Homeless 103: (un)Civil Rights

Posted: March 10, 2007 in Bureauacracy, Civil Rights, Discrimination, Employment, Government, Homelessness, Panhandling, Police Harrassment

The 1st Amendment deals with the freedom of speech and peaceful assembly; the 4th prohibits unreasonable searches and seizures; and the 8th prohibits excessive bails, fines and cruel and unusual punishment. Keeping all of that in mind…  

Being homeless in SLO means that you have a very good chance of being harassed by the Police at least once for no other reason than you’re homeless. While it’s true that SLO has a day center for the homeless, it is a pretty depressing place to be at. As a result, most of the "clients," as they’re called, leave straightaway after lunch. Unless they have a medical or other appointment of some kind, most of them will simply meander through various parts of town.

In the spring of 2006, the SLO city council adopted Ordinance #1491, which amended Chapter 9.04 of the Municipal Code and added Chapter 9.40. The vote was 4 yeas, 1 nay.

In a nutshell, this ordinance prohibits solicitation (panhandling) at certain locations and also prohibits anyone from sitting on public benches for more than an hour at a time and more than three hours in any given twenty-four hour period.

Here’s the kick in the pants: panhandling is protected under the 1st Amendment. So what if I wanted to sit for three hours on the same public bench protesting, let’s say, the war in Iraq? See where I’m coming from?

On one occasion, me and five other homeless people were standing in front of, the now, out of business Copeland’s Sports store. We were waiting for a gentleman named AJ to come out with some fancy signs advertising the 30% to 50% Off Going Out Of Business sale. Of course, we were quickly hassled by the Police, who wanted to know what we were doing just "standing around."

Even after we explained the situation, they continued to watch us – just in case. Had we all been wearing nice sweaters and jackets instead of carrying grungy looking backpacks would we have been hassled? I doubt it. I believe they wouldn’t have given us a second look.

The irony is that Tom Copeland was one of the business owners who pushed for the passage of Ordinance 1491, saying that the loitering and panhandling of the homeless in the downtown area were affecting the revenues of local downtown businesses. Yet, here we were, six homeless people, who were going to be standing on various corners announcing his sales. I guess the homeless really did help him go out of business.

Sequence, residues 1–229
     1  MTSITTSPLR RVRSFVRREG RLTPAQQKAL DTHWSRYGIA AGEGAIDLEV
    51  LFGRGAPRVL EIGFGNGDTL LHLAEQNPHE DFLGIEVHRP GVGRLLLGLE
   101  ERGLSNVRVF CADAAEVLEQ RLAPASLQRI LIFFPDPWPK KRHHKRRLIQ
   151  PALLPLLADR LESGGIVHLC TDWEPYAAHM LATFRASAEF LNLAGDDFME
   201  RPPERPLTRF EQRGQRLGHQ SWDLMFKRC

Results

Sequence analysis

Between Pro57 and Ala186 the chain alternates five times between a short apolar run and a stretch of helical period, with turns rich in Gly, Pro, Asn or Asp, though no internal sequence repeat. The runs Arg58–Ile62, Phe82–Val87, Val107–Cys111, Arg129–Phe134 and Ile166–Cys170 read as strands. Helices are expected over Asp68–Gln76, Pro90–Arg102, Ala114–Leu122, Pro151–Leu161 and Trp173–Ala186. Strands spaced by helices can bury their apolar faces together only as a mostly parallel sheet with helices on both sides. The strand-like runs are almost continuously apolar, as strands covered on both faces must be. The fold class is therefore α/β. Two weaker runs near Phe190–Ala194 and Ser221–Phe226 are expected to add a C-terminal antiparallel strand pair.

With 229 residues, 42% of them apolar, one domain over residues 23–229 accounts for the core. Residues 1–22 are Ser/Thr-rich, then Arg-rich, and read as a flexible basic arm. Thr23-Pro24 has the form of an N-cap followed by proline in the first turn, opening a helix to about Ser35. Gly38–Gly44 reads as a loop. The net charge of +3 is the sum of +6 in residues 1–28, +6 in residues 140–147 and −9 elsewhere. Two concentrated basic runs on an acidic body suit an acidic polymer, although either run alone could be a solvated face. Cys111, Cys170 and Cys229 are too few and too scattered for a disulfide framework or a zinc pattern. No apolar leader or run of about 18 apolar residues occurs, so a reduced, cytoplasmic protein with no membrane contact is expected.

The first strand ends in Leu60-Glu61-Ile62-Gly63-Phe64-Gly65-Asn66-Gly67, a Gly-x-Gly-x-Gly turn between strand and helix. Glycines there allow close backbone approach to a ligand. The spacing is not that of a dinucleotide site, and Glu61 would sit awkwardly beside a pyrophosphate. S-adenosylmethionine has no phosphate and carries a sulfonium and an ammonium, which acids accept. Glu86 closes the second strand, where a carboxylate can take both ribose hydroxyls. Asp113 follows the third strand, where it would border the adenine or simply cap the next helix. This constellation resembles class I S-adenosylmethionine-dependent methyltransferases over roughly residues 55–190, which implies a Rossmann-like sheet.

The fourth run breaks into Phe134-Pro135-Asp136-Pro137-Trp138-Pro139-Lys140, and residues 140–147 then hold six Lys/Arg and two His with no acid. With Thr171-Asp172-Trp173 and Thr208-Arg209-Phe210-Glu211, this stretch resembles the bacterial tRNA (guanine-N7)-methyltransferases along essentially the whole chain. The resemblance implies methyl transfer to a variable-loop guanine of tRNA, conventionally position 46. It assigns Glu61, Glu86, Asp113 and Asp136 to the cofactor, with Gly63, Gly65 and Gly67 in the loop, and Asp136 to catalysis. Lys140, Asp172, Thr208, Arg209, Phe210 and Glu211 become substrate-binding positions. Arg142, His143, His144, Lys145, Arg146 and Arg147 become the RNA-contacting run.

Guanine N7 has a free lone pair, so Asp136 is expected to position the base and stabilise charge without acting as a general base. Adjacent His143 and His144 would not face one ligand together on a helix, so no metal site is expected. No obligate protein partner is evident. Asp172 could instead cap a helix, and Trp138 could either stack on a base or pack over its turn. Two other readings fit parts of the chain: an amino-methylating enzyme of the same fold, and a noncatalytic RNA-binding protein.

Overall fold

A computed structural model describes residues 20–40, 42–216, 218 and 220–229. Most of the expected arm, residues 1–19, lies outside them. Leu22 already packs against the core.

On another occasion, I had one Police Officer say to me: "Why don’t YOU people leave? As a homeowner in the community that’s what I want."

Since I’m a homeless person, I obviously don’t own a home in the community. But then again, according to a recent article in SLO New Times, there are a large percentage of the people in our community who also aren’t homeowners. Should they, as non-homeowners, be asked: "Why don’t you people leave?" Or is it okay for a Police Officer say something as sarcastic to someone simply because they are "just homeless?"

And while I’m on my soapbox…

The fines imposed if you do happen to violate Ordinance #1491 are pretty hefty.

It’s something like $95 if you’re cited for sitting on a public bench for more than an hour. It’s roughly $146 if you get cited for panhandling at certain locations. By the way, it’s only $35 if you’re cited for parking illegally in a commercial loading zone. Go figure.

Let me see… where was I reading something about excessive fines? Oh yeah, that’s right – Constitution of The United States. The 8th Amendment wasn’t it – that said excessive fines SHALL NOT be imposed?

It seems quite clear to me that if you fine some poor schmuck $95 because he’s just trying to survive and you fine a driver of a BMW only $35 for illegal parking, you’re imposing excessive fines in a discriminatory manner.

Let me put it this way… If you’ve got a criminal mentality, if you’re mean, nasty or otherwise lacking some sense of morals – please choose another city. Those of us in this community – both homeless and non-homeless – are just trying to survive.

Singer/Songwriter Billy Joel, early in his career wrote a song that had this line:

"…I found that just surviving was a noble fight."

Amen to that!

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